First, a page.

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“Superwind” galaxy NGC 4666

Galaxy NGC 4666

NGC 4666 is a "starburst" galaxy about 80 million light-years from Earth, in which particularly intense star formation is taking place.

  • Galaxy NGC 4666, a starburst galaxy
  • “Superwind” of gas being blow into space
  • Powered by supernova explosions and hot stars

The prominent galaxy NGC 4666 in the centre of the picture is a “starburst” galaxy, about 80 million light-years from Earth, in which particularly intense star formation is taking place.

The starburst is thought to be caused by a gravitational tug-of-war between NGC 4666 and its neighbouring galaxies, including NGC 4668, visible to the lower left. These interactions often spark vigorous star-formation in the galaxies involved.

A combination of supernova explosions and strong winds blowing out from massive stars in the starburst region drives a vast flow of gas from the galaxy into intergalactic space—a so-called “superwind”. The superwind is huge in scale, coming from the bright central region of the galaxy and extending for tens of thousands of light-years.

As the superwind gas is very hot it emits radiation mostly as X-rays and in the radio part of the spectrum and cannot be seen in visible light images such as the one presented here.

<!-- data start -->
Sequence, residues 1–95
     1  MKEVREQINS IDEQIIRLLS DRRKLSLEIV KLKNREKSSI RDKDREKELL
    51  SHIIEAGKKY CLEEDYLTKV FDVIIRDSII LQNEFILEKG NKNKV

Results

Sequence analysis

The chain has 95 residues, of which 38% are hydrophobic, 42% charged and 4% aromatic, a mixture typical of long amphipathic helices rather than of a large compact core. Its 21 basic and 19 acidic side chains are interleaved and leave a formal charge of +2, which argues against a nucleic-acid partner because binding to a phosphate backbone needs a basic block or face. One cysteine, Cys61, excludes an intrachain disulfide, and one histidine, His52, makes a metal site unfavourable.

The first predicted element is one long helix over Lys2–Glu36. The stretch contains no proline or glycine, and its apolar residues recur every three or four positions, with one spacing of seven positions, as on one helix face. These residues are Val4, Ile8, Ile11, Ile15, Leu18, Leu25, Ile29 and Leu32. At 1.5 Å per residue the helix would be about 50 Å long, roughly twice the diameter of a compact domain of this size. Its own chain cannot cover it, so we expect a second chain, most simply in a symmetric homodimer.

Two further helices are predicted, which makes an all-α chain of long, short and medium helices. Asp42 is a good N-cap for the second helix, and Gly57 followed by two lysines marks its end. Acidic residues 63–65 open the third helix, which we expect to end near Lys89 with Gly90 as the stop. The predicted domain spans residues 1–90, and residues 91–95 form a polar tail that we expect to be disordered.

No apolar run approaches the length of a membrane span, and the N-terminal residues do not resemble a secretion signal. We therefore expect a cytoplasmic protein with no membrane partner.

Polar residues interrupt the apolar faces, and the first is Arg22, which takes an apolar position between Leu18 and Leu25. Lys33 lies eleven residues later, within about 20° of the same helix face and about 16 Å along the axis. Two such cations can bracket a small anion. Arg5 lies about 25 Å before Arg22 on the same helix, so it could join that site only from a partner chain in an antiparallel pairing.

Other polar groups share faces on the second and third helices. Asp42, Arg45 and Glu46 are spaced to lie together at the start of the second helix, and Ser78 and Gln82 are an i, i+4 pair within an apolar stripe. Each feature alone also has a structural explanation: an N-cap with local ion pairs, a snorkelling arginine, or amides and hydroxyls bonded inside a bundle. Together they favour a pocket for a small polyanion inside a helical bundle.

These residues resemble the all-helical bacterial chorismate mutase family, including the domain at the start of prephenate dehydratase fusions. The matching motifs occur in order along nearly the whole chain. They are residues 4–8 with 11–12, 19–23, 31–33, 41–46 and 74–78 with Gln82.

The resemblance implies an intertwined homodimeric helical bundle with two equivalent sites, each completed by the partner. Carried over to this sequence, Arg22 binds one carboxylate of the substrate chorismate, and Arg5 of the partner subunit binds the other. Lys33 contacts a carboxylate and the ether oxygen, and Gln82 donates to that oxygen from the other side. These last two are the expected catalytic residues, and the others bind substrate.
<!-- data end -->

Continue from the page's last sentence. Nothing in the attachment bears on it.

The image was taken with the Wide Field Imager on the MPG/ESO 2.2-metre telescope at the La Silla Observatory in Chile.

See the full-size, high-resolution image here (new window).

NGC 4666 at X-ray wavelengths

What NGC 4666 looks like at X-ray wavelengths. Hot, X-ray emitting gas stretches far out into space, blown there by a "superwind".

In order to fully understand the nature of astronomical objects, researchers must study them at several wavelengths. This is because light of different wavelengths can tell us about different physical processes taking place.

This image was made as part of a follow-up to observations made with the European Space Agency’s XMM-Newton X-ray space telescope (see image at left). NGC 4666 was the target of the original XMM-Newton observations, but thanks to the telescope’s wide field-of-view many other X-ray sources were also seen in the background.

One such serendipitous detection is a faint galaxy cluster seen close to the bottom edge of the image, right of centre. This cluster is much further away from us than NGC 4666, at a distance of about three billion light-years.

Adapted from information issued by ESO / J. Dietrich / M. Ehle / ESA.

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